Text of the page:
What skills set a dancer apart from the pack? Most studio owners and dance teachers might say technique, dedication, passion or stage presence. While these are all essential for pre-professional dancers, the best students also have a certain “je ne sais quoi” when it comes to music. This intangible quality is often referred to as musicality, and it is essential for dancers who want to take their performances to the next level. Here’s what instructors need to know about musicality in dance and how they can help dancers connect with the music.
If you ask professional dancers and choreographers to define musicality, you’d probably get a host of different answers. Some people might explain it simply as an understanding of music. Others may say that it’s letting the music guide your movements. Industry professionals know musicality when they see it, but still might have trouble putting the characteristic into words.
“Musicality is understanding music on a technical level and then dropping all of that knowledge so you can sit deep inside the music,” Wade Robson, choreographer and “So You Think You Can Dance” regular, explained to Dance Spirit magazine. “It’s dancing inside the music, as opposed to floating on top of it.”
Because musicality is a rather vague, intangible concept, there’s not one strict definition of this quality. However, most everyone agrees that musicality in dance sets professional dancers apart from amateurs. The question then becomes whether this innate understanding of music can be taught or if dancers just have to have it.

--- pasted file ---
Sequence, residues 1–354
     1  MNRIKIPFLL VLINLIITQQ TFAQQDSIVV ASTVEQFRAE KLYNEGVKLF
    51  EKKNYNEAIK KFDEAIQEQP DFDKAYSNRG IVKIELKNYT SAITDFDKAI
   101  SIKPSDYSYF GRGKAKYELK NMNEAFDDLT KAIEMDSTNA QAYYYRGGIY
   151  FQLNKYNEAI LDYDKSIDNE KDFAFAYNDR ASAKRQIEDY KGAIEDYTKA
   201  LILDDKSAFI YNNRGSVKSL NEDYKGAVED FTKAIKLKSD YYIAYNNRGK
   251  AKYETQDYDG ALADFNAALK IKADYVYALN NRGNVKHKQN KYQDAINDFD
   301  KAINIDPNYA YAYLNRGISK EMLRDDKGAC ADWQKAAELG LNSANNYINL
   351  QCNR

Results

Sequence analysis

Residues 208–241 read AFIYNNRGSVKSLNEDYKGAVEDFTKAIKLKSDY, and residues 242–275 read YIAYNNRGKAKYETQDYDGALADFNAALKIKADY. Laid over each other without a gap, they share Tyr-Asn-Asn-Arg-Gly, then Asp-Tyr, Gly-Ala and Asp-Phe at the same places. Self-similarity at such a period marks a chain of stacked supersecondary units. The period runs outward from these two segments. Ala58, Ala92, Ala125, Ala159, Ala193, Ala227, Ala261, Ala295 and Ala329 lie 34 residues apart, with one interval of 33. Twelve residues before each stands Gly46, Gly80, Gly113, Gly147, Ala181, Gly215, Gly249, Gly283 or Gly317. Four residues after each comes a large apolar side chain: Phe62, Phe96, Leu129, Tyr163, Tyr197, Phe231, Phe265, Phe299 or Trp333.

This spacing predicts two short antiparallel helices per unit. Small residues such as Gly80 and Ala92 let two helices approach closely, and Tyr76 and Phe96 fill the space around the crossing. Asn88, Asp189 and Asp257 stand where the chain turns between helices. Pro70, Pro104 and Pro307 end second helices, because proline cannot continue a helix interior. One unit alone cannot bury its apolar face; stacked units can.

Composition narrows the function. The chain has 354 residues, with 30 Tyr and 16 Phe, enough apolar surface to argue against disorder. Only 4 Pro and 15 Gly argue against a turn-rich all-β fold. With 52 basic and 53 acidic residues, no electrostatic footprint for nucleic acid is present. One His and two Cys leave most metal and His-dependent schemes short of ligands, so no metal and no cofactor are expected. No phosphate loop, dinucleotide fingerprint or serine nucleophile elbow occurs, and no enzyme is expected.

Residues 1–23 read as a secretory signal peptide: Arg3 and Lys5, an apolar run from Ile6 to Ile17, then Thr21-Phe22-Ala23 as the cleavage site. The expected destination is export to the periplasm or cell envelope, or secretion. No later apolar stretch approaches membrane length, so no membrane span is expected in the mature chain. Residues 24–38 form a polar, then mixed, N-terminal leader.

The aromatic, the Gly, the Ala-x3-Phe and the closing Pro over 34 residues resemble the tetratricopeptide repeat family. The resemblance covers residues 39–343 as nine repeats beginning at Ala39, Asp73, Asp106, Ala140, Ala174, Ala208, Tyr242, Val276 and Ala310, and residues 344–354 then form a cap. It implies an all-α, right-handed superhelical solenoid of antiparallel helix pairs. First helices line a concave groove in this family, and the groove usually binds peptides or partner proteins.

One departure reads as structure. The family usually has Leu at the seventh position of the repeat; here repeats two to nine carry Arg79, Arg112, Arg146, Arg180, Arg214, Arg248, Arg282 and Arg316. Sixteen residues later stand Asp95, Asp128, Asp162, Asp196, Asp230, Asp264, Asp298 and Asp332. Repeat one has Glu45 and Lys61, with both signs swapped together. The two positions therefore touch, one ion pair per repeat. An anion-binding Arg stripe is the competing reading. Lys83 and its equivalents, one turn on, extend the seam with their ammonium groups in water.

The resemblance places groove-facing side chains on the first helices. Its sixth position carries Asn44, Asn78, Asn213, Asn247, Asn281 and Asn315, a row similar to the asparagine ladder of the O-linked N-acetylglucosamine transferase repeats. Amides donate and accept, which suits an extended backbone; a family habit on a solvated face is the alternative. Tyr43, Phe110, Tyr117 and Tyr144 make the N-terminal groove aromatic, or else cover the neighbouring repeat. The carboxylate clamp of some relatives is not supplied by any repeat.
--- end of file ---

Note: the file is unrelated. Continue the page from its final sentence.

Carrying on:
Introducing the Concept
As your dancers progress to more advanced classes, you’ll want to introduce them to the concept of musicality. Some students may already be able to connect with the music and they will likely understand the quality without too much explanation. However, dancers who are less musically inclined may have trouble melding the steps with the corresponding notes. Dance Spirit magazine explained that nonmusical dancers often show too much effort in their performances, but there are ways you can help them connect with the soundtrack.
Start teaching your students about musicality in dance by honing their ears. Individuals who have played instruments often catch on quicker than others, but the skill can be taught with dedication and practice. Have your dancers close their eyes and listen to the music. Ask them to think about the meaning of the song – even if it’s instrumental. Work together to plot out the different mood, tempo and phrase changes. It may also help to let them free dance to the piece so their bodies are guided by the music.
Honing Musical Intuition
Chances are that musicality won’t be perfected in one session. If your dancers are serious about furthering their skills, they’ll need to continue working on their musical intuition. You can help them practice by switching up your lessons once in a while and throwing them musical curve balls. Dance magazine suggested bringing in a live pianist for class or using different variations of the same song – orchestra arrangements, lyrical and instrumental versions all have slight differences that musically adept students will respond to.
“Orchestral music allows you to hear all the different colors of the instruments,” Finis Jhung, a ballet teacher in New York, told Dance magazine. “It gives you something to play with as an artist – it gives you more to hear.”
Given time, dedicated students will learn to apply musicality to their performances for a little extra pizzazz. Don’t let your dancers get discouraged if they struggle with the concept, as it’s hard to teach and even harder to learn.